The internet has allowed the average person talk more than they would normally do in real life. We leave comments on many websites, post our own thoughts and join many conversations online. This makes the issue of controlling our tongue very important.

Because when you are conversing with people online, there is the tendency to transgress the limits expected of a Muslim. We may think that we’re typing and not talking literally, but they’re the same. We only type with our fingers because the person is not physically in front of us.

If you’ve ever found yourself responding to bullies with equally hurtful words or incessantly arguing online, it shows that you need to step back and reassess your activities online and see how you can control your tongue.

Re-read Before Posting

This is something that I like to call the two-step authentication process for posting anything online.

Conversations move pretty quickly on the internet, so there’s usually this urge to contribute your two cents while a topic is still hot.

But before you post that comment, no matter how sensible you think it is, take a moment to read it again.

Ask yourself:

  • Is this statement good?
  • Would I be able to say this to someone in real life?
  • Will this contribute positively to my book of deeds?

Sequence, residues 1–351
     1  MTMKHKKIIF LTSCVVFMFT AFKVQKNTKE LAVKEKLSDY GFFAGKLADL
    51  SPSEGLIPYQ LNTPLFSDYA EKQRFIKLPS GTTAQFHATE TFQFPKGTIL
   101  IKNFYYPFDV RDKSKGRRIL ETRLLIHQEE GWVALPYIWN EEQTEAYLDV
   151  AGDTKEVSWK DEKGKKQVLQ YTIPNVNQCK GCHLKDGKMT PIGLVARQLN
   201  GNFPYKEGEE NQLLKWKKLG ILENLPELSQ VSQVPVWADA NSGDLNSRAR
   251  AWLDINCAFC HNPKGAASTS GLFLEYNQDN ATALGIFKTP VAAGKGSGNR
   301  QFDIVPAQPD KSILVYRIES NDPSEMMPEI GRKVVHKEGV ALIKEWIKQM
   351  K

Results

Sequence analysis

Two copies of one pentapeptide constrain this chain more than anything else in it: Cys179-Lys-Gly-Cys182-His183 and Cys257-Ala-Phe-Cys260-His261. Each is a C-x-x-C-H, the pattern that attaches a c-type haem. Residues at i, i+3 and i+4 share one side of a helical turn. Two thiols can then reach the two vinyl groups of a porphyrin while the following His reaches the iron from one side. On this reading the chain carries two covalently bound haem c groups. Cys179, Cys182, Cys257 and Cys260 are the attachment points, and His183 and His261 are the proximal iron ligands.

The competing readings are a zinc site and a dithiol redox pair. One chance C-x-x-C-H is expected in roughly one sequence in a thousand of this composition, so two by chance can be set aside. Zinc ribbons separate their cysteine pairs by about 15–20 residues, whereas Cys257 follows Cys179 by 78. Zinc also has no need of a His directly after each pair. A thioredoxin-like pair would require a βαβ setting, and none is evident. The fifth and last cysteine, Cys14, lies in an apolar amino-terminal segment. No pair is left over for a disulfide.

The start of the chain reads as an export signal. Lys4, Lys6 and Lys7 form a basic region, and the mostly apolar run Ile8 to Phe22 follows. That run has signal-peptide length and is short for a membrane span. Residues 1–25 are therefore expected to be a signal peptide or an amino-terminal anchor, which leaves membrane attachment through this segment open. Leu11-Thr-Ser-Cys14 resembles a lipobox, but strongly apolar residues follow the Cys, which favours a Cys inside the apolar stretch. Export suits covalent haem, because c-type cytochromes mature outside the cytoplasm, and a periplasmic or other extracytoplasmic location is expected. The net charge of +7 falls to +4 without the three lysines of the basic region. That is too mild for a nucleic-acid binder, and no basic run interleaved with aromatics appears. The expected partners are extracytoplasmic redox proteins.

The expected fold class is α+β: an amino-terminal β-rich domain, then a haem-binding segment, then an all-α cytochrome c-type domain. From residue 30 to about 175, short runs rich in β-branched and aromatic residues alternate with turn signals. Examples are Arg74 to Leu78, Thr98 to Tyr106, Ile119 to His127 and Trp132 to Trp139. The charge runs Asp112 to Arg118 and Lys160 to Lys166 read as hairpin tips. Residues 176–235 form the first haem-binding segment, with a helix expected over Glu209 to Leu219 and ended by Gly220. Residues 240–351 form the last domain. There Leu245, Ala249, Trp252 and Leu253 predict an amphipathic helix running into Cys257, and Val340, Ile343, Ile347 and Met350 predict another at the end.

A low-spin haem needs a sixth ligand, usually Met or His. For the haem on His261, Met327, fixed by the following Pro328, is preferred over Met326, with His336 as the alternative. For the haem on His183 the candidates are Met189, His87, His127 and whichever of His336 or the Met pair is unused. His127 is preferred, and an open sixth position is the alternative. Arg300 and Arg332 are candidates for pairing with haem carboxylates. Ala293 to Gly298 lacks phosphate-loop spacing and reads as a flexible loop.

• Will I like to see this statement again on the Day of Judgement?
  • How does this statement portray me?

When you pause before hitting the send button and you take a moment to re-read what you typed, you’ve given yourself the chance to think over your words. And that can help you control your tongue.

This also applies in real life. If we take a few seconds to think about our words, chances are we will choose better words. Especially in situations that aren’t so pleasant.

Contribute Only When Necessary

One mistake many people make online is joining any and every conversation. No matter how well read and intelligent you are, not every conversation will be for you.

If you’re not going to derive any benefit from joining a particular conversation, then your time is better spent on things that will give you benefit.

The less you jump into everything you see across your timeline, the higher your chances of controlling your tongue.

You would even find that reducing the conversations that you join online will reduce the amount of time you spend on the internet, especially social media.

When the son of Adam wakes up in the morning, all of his body parts bow to the tongue and say: ‘Fear Allah regarding us, we are only part of you. If you are straight we are straight and if you are crooked we are crooked.” (Tirmidhi)

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Spread Love not Hatred

There are so many trolls online now that it’s becoming a challenge to actually go through the day on social media without seeing something that angers you.

People revel in hurting others with their words. But as a Muslim, you should never be one of them.